I’ll be perfectly honest and say that I’ve found the fragrances from the house of Thameen to be a bit hit or miss. I fell head over heels for the dry dusty rose of Noorolain Taif, but others in the collection left me cold. I think that the concept of fragrances inspired by famous jewels is really evocative and the presentation has this cool clash where royal blue bottles in a classic shape clash against the modernism of their black, spiked caps. What’s more, the bottles really glow when they hit the light. I just felt that some of the fragrances weren’t as dynamic as perhaps the presentation suggested they might be.
Fast forward to Thameen’s latest launch and a pleasant surprise. This launch takes its inspiration (and its name) from the Cora sun-drop diamond – the largest, yellow, pear-shaped diamond in the world (racking up an impressive 110.3 carats and forming between 1 and 3 billion years ago – no biggie), so it’s no surprise that the fragrance itself is a rather large and showy scent. Described by Thameen as a fragrance “suffused with phosphorescence”, The Cora takes the traditional white floral and injects it with an entire sun’s worth of light.
The first thing one sees when entering Perfume: A Sensory Journey Through Contemporary Scent, the brand new and very exciting exhibition held at Somerset House, London, is a list of words that describe a variety of odours. These disembodied smells represent the ethos of the exhibition, which is to remove perfume from the commercial setting and allow it to be experienced as something more immersive than one would find on the department store shelves, despite the fact that the scents themselves can be found in such a place. This is perfume as an experience, rather than a consumable product. It shows that it can be something more than just a pretty smell to make a person smell good.
It’s Fume Chat, it’s Fume Chat, here we go! That’s right, folks, a brand new episode of Fume Chat is ready for you to download and enjoy. Our latest is a companion episode to Episode 16 (Molecule Mania) and this time we’re talking about the positives and negatives of natural perfumery. What makes it so tricky and why can natural perfumes sometimes come off smelling a little bit flat? And why do Nick and I find it a bit ‘meh’ overall? Find out in this latest episode of Fume Chat, in which we will sniff some fabulous natural stuff.
Iris, or orris, is many things. It is famously known as the most expensive natural ingredient in the perfumer’s pallet, making it one of the most elusive and luxurious materials out there. It’s also one of the most beautiful and complex ingredients in the perfumer’s magic bag of tricks, allowing itself to be utilised in a vast variety of ways, which gives it this strange shape-shifting ability, whilst also allowing it to remain instantly and undeniably recognisable as ‘iris’ at all times. Iris is also a divisive material – some will dive readily into its often cold and aloof arms, whilst others will simply say it smells like carrots and they wish for it to be moved very far away from them. Both view points are valid of course, but the striking character of iris cannot be denied.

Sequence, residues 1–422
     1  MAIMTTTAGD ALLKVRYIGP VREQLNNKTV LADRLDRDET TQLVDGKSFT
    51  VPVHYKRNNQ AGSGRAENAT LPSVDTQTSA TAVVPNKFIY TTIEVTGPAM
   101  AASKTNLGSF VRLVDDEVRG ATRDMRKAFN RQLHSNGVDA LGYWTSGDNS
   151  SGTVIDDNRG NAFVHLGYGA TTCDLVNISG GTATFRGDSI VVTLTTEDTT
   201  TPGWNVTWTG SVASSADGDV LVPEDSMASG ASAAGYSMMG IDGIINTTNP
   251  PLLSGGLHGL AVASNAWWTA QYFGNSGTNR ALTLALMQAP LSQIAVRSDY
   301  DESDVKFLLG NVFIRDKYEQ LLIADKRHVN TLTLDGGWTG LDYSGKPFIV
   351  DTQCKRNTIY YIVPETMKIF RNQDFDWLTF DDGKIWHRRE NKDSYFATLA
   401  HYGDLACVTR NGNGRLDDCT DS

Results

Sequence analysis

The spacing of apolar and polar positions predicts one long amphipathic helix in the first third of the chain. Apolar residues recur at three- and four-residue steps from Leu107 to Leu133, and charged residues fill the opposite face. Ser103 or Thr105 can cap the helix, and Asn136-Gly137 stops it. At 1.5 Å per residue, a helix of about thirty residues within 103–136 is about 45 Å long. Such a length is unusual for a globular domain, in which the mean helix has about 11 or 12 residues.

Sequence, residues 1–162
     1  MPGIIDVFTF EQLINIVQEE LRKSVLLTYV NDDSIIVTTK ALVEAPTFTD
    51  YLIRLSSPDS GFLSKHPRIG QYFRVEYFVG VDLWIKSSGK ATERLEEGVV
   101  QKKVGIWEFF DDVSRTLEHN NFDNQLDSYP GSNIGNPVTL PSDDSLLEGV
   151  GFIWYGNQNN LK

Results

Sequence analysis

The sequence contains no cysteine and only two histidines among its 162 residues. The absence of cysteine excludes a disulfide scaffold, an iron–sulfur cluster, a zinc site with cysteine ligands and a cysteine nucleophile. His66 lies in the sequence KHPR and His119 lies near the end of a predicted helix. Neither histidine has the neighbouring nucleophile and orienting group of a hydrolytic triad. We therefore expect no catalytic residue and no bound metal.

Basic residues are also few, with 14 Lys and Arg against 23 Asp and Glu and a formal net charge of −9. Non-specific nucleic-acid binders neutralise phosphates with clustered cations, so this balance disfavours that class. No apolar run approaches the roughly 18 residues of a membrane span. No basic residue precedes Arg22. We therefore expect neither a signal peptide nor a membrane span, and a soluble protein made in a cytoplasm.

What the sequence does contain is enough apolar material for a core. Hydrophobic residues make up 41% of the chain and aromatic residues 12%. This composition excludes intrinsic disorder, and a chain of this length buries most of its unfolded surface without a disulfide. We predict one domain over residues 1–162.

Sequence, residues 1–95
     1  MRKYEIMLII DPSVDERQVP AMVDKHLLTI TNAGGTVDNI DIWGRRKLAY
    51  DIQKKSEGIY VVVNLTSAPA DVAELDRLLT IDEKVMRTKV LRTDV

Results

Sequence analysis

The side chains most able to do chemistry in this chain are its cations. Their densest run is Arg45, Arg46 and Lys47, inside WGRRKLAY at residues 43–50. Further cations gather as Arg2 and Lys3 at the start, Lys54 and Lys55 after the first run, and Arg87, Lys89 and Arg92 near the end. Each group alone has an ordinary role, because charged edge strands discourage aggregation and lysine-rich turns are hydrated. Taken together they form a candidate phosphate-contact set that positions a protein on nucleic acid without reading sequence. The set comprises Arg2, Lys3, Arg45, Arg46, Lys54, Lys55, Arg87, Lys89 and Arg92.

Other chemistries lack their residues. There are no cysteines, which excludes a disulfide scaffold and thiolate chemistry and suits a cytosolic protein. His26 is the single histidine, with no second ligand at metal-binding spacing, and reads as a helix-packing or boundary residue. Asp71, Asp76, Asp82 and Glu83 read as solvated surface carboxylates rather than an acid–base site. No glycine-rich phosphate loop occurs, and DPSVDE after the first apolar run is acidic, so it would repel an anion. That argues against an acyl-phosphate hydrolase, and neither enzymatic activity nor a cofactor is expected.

In perfumery it is not the iris flowers that are used, instead it is the root. The roots are dried over a number of years (hence the hefty cost – orris is an exercise in patience) and then ground before being distilled to create orris butter (beurre d’iris). Reportedly, one ton of iris root produces two kilos of iris butter, making for a painstaking process that drives the cost of the material skyrocketing up to the roof and beyond. But is the beauty of the material matched by the price? Well, the answer to that question will certainly depend on your opinion however, the complexity of the odour profile of orris certainly lives up to its value, more so in fact.
The scent of orris is a tricky one to pin down. It is most known for its earthy character, which in extreme can smell vegetal, like carrots and turnips. The scent is mineral but it can also have sweetness, sharing a similar character to violets. If we’re talking texture, orris can be suede-like or powdery, but in some instances it can also appear as doughy and thick. There’s also a woody character to the material and in terms of colour, orris can present hues that range from blue to purple to grey to beige. If you hadn’t guessed already, orris is one of the most fascinating and flexible fragrant materials out there and it has been put to use in thousands of intriguing ways throughout the history of perfumery.
“Stop and smell the roses” urges the first line of new smell and perfume publication ODOU Magazine, and it’s a good mantra for print that approaches perfume and scent in a new and more personal way. Curated by web/graphic designer and Personal Odour blogger Liam Moore, ODOU explores the world of olfaction from every angle and is an exciting new project for perfume lovers.
Within the 58 pages of Issue 1, ODOU proves that it is more than just a perfume magazine, combining poetry, striking visuals and thought provoking (and even touching) articles from the likes of Sarah McCartney (of 4160 Tuesdays fame), Pia Long (of Volatile Fiction and Lush fame) and Callum Langston-Bolt (he of Les Senteurs) for a wonderful olfactory experience.
This reader sat down with a cup of Earl Grey (or two) this weekend and very quickly digested and worked his way through the entirety of Issue 1 (and he will most definitely be reading it all over again I’m sure) and very much looks forward to more from ODOU in its very bright future. You can find more about ODOU and Issue 1 here.